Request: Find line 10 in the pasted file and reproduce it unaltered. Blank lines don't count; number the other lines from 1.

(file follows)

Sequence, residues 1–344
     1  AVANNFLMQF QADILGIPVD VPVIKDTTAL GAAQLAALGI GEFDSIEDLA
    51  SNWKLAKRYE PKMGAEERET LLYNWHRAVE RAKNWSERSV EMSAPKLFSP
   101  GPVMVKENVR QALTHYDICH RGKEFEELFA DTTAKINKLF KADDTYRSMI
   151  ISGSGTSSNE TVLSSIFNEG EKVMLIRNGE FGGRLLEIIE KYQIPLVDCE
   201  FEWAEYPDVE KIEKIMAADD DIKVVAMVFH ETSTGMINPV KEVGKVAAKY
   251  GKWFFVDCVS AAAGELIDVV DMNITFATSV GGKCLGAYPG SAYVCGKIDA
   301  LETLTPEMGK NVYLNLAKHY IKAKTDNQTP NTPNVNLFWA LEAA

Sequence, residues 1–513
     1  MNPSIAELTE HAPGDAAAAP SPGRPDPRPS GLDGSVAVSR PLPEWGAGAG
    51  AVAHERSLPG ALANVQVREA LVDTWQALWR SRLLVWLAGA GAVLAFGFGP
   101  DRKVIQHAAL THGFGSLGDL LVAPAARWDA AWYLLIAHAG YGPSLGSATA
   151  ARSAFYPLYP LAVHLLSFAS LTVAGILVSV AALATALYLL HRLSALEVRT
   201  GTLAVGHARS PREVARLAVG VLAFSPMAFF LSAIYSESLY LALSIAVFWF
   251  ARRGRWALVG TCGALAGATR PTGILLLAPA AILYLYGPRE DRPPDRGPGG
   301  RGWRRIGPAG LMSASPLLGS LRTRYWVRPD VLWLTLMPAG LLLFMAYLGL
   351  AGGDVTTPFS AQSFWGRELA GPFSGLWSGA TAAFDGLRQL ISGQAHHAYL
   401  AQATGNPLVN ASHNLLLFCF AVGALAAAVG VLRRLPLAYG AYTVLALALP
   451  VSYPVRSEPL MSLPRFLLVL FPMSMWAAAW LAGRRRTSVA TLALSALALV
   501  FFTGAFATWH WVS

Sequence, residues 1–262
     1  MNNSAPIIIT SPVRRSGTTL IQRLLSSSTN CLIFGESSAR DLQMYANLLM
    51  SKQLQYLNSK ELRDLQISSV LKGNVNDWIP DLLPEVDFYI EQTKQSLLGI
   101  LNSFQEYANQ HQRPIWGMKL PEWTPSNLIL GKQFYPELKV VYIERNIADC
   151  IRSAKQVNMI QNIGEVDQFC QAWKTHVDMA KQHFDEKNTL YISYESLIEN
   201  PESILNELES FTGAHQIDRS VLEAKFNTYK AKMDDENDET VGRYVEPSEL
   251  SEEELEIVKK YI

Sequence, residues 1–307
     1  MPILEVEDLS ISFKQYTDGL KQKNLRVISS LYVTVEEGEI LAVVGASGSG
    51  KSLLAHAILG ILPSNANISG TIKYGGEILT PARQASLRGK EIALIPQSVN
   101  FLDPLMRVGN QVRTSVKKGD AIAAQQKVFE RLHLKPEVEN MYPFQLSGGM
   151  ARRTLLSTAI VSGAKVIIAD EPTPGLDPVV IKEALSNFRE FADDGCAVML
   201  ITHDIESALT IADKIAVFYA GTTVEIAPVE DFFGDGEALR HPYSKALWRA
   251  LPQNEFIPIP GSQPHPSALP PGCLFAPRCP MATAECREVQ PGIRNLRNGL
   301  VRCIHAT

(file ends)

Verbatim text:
     1  MNPSIAELTE HAPGDAAAAP SPGRPDPRPS GLDGSVAVSR PLPEWGAGAG